A musician whose husband worked for a Swiss bank, Turner enjoyed a lifelong passion for Doulton Lambeth wares and bought fine-quality pieces at auction and through dealers across more than 40 years.
Her house in Brookmans Park in Hertfordshire was adorned floor to ceiling with her collection.
The clock case, modelled as a nautilus shell supported by cherubs riding seahorses, is an 1878 design by George Tinworth with the incised decoration of gulls and other seabirds done by Hannah Barlow.
The distinctive crack and staining to the dial suggest it is the same clock sold for £3400 at Cotswolds auction house Moore Allen & Innocent in 2015. Another version resides at the Museum of Applied Arts and Sciences in Sydney.
Tinworth worked for Doulton from 1867 until his death in 1913, at the age of 70.
He produced a series of whimsical clock cases during his long tenure including the Menagerie Clock, the most ambitious of all the ‘Tinworth mouse’ groups. An example that appeared for sale at Chilcotts in Honiton in January took £9200.
Tinworth mice groups remain the most reliable collecting niche within the Doulton Lambeth market.
The series of musicians offered at Sworders in Stansted Mountfitchet on May 16 included a menu holder modelled as two mice playing a harp and a piano with the inscribed date 1886. Made in moulds then finished by hand, all of these groups were duplicates but this is a rarity.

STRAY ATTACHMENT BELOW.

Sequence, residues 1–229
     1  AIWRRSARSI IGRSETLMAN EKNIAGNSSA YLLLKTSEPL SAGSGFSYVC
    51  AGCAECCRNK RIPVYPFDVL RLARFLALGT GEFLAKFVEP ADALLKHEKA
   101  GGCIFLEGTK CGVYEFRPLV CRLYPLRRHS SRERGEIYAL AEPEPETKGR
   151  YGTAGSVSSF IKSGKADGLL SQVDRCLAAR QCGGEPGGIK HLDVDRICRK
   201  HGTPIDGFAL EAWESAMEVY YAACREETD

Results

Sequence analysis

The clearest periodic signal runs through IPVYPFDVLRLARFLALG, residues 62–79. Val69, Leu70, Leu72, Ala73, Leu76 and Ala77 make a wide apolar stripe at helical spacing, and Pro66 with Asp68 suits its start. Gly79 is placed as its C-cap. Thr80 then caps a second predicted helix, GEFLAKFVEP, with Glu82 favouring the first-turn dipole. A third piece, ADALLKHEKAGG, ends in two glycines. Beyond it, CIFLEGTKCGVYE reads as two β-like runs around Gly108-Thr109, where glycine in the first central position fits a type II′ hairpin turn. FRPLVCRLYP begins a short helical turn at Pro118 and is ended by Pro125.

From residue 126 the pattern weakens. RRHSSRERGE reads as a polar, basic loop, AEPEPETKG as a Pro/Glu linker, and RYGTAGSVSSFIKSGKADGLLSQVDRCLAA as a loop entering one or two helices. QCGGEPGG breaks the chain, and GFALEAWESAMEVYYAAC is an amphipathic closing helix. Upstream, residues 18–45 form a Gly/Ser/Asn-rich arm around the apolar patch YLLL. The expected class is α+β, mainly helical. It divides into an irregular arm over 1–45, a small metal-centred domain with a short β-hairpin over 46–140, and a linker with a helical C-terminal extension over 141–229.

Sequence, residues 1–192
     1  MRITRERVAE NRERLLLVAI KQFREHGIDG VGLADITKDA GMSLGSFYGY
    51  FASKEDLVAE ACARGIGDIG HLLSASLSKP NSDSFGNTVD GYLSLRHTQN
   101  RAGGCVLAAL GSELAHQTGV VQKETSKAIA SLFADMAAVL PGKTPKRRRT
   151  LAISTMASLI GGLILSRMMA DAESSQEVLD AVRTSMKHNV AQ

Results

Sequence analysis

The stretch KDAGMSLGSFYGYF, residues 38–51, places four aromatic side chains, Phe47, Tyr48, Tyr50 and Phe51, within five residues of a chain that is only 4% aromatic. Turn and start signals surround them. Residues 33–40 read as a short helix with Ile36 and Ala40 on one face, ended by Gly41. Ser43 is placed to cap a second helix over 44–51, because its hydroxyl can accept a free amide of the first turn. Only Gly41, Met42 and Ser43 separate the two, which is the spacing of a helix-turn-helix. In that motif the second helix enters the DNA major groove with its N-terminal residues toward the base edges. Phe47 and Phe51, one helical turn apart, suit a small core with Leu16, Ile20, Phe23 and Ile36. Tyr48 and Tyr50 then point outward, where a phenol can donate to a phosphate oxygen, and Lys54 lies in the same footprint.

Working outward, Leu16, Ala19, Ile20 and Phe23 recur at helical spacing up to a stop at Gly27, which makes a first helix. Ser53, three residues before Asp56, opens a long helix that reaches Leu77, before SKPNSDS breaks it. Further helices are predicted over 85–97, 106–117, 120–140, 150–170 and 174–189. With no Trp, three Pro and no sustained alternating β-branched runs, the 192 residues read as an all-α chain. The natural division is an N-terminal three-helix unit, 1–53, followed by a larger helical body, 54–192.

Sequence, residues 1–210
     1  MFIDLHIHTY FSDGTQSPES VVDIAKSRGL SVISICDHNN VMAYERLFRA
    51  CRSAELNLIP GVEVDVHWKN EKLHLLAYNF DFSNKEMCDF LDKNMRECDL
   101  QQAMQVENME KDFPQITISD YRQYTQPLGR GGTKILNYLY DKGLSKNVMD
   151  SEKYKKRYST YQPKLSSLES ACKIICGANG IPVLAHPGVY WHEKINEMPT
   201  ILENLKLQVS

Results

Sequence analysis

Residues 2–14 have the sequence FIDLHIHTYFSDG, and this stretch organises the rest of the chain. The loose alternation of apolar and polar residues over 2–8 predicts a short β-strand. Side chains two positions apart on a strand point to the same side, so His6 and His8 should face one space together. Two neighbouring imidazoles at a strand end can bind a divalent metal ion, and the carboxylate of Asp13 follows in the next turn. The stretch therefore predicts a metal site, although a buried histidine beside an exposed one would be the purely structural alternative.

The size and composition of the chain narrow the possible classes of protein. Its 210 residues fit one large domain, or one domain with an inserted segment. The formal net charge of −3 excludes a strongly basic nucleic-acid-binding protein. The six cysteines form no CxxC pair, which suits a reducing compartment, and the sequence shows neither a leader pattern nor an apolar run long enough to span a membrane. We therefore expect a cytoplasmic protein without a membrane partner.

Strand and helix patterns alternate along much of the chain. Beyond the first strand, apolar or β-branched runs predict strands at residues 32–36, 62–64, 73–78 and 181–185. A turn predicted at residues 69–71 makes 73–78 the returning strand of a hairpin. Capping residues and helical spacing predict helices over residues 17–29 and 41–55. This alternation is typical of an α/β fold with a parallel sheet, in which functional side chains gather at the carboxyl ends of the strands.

Filling a gap in a collection, one online bidder offered £4000 (estimate £400-600).
Other musicians groups included a version of three mice, one playing a pipe, one at the piano, and the other singing (£2400), and a lot of two menu holders, one modelled as two mice playing a musical box and a triangle, the other with two mice playing a violin and a tambourine (£3200).
The other Doulton stoneware strong suit is the work of Mark Marshall, whose best grotesque modelling rivals that of former employer Robert Wallace Martin.
The Turner sale included a large centrepiece modelled as a menacing lizard climbing on a curling blue leaf. It had some small chips to the extremities but at 18in (45cm) wide it had a lot of presence. Estimated at a modest £300-500, it took £6500.
Also by Marshall – and another one of his more experimental pieces – was a 9in (23cm) high spill vase modelled as a tree stump with a slithering snake, surmounted by a terrier. Again with imperfections, it sold at £2600 (estimate £500-700).